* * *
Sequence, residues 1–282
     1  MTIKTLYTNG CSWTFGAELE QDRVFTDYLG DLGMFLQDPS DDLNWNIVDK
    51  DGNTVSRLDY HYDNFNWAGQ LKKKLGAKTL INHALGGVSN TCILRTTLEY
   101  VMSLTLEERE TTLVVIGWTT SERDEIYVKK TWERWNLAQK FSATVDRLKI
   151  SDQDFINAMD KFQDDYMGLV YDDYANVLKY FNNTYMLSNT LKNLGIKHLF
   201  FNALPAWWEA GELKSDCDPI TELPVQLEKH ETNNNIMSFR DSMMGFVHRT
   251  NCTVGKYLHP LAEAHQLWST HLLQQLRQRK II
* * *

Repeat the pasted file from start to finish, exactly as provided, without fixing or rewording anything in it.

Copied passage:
Sequence, residues 1–282
     1  MTIKTLYTNG CSWTFGAELE QDRVFTDYLG DLGMFLQDPS DDLNWNIVDK
    51  DGNTVSRLDY HYDNFNWAGQ LKKKLGAKTL INHALGGVSN TCILRTTLEY
   101  VMSLTLEERE TTLVVIGWTT SERDEIYVKK TWERWNLAQK FSATVDRLKI
   151  SDQDFINAMD KFQDDYMGLV YDDYANVLKY FNNTYMLSNT LKNLGIKHLF
   201  FNALPAWWEA GELKSDCDPI TELPVQLEKH ETNNNIMSFR DSMMGFVHRT
   251  NCTVGKYLHP LAEAHQLWST HLLQQLRQRK II